State Sen. Al White, R-Hayden, said he thinks it is time for the Legislature to address game damage issues, especially given the difficulties landowners faced last winter.
White recently introduced Senate Bill 09-024 to the Agriculture, Livestock and Natural Resources Committee. If passed, it would change statutes governing the Colorado Division of Wildlife and how the agency responds to property damages from wildlife.
White said Colorado Farm Bureau asked him to do something on the issue.
"It seemed relevant to me after the recent winter," he said, though he does not think the DOW did a bad job given the agency's resources and the unanticipated circumstances.
Last winter was particularly harsh because of record snowfall, which drove many animals to eat private landowners' livestock feed.
White said his intention is to provide clear directives for the DOW to follow, as well as make certain changes that will help landowners - such as farmers and ranchers - cope with wildlife.
"I think the DOW did as good a job as they could have under the statutory direction they were given," he said. "I think giving them additional directive will allow them to do a better job in the future."
White's bill affects several game damage statutes.
First, it mandates DOW officials respond to any complaint call within 48 hours and conduct a follow-up meeting within five days after that.
It also eliminates the annual Sept. 1 deadline for providing permanent fencing materials to landowners.
Instead, the bill requires the DOW provide materials year-round, within 15 days of receiving a written request, otherwise DOW officers must erect the materials themselves.
Third, White's bill would require the DOW issue kill permits for landowners to shoot wildlife out of season if the animals cause a loss of 25 percent or more of valued personal property.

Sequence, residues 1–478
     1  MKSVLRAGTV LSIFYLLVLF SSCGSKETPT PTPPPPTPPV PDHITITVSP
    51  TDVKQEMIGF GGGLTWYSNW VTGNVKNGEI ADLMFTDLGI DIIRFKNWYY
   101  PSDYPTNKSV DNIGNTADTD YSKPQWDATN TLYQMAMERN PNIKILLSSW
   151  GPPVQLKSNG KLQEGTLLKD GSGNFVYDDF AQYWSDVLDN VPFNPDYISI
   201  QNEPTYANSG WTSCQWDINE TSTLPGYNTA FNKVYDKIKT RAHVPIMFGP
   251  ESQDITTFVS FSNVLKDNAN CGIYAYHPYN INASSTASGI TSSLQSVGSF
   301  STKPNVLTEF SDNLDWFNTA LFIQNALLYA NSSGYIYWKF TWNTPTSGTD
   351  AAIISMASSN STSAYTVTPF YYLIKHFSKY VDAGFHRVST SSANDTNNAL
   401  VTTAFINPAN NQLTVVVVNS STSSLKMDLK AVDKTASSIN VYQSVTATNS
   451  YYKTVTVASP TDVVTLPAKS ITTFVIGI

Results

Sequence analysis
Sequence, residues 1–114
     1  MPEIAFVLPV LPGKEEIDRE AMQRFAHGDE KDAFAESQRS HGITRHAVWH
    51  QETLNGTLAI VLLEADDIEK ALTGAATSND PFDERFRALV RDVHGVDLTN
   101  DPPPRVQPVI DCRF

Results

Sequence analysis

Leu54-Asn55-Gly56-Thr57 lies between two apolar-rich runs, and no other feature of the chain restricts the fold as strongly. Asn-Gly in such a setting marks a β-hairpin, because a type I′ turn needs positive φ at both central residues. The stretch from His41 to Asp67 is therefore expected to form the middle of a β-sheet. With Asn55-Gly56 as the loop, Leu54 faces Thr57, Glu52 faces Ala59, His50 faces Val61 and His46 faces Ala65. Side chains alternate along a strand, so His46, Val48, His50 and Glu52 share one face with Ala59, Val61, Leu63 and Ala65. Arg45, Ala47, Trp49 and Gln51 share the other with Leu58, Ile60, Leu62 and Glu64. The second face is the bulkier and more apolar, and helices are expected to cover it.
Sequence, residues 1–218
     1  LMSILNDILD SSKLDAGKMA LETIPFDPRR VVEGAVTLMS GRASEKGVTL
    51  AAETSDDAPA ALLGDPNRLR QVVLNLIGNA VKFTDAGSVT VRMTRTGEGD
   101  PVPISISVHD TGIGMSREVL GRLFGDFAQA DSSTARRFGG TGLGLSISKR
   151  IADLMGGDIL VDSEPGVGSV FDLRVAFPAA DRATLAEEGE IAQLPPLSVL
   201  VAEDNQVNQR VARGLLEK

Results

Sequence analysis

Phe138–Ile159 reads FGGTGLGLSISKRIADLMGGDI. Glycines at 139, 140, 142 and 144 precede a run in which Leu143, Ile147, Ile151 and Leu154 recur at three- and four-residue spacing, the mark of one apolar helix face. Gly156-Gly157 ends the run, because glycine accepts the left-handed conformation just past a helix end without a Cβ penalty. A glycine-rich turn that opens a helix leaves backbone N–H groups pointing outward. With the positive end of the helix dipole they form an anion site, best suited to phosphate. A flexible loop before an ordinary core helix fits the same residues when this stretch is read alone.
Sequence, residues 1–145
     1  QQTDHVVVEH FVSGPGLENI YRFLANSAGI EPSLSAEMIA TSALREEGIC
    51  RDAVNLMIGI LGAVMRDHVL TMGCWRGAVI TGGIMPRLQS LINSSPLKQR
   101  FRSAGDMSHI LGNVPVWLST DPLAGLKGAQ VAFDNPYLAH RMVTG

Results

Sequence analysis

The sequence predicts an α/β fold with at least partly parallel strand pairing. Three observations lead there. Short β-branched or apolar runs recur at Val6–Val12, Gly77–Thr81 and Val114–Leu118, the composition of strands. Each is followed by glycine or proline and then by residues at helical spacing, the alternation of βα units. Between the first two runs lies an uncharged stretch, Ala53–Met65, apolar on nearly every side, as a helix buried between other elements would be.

This would apply to crops, as well.
A landowner would automatically receive a kill permit to shoot wildlife if he or she could prove, with historical data, that the income derived from his or her crops was reduced by 25 percent or more as a result of wildlife damage.
The current draft of the bill also increases the allowable hunter trespass fee from $100 to $2,500, though White said that likely will be removed.
The change would have permitted landowners to charge up to $2,500 for each hunter they allow on their private property and still collect game damage payments from the state.
Currently, landowners cannot charge more than $100 if they want state assistance.
White said he plans to eliminate that portion of the bill because of DOW testimony given to the Agriculture Committee on Jan. 22.
Don Masden, DOW game damage and commercial parks coordinator, testified that increasing the state's game damage liability could increase costs for his agency by $1 million or more.
White said he couldn't ask the DOW to shoulder that large of a burden right now.
Regardless of that change, however, the first-term state senator said he does not expect the DOW's support.
Regardless, White said he will go forward with the bill.
DOW Spokesperson Tyler Baskfield, who is based in Denver, said the issues presented in the senator's bill are not things the agency can easily support or oppose.
"It's not that black and white," he said. "These are issues that affect landowners as well as sportsmen, and everybody needs to be at the table for this discussion. We are not against having these discussions."
Baskfield emphasized the DOW's regret that White did not speak with agency officials or any sportsmen's organizations before introducing the legislation.
"We were kind of blindsided on this," he said. "We can't just start making changes without getting sportsmen involved."
Baskfield also said at least one element of the bill treads on DOW policy, in that the agency requires its officers to respond to complaints within 24 hours, whereas White's bill stipulates a 48-hour time period.
He added that the DOW paid almost $1 million to state landowners for game damage payments from July 2007 to June 2008.
DOW records show the Meeker office, which oversees all of Moffat County, paid almost $200,000 of that, or about one-fifth.
White's bill does have somewhat strong bipartisan support.
It is co-sponsored by two representatives who sit on the Agriculture Committee - Rep. Jerry Sonnenberg, R-Sterling, and House Speaker Pro Tempore Kathleen Curry, D-Gunnison.
The bill still is in committee, but officials do not plan to let it sit dormant.
Baskfield said DOW officials, agriculture producers, sportsmen and legislators plan to meet in the coming weeks to discuss the issues and the bill's future.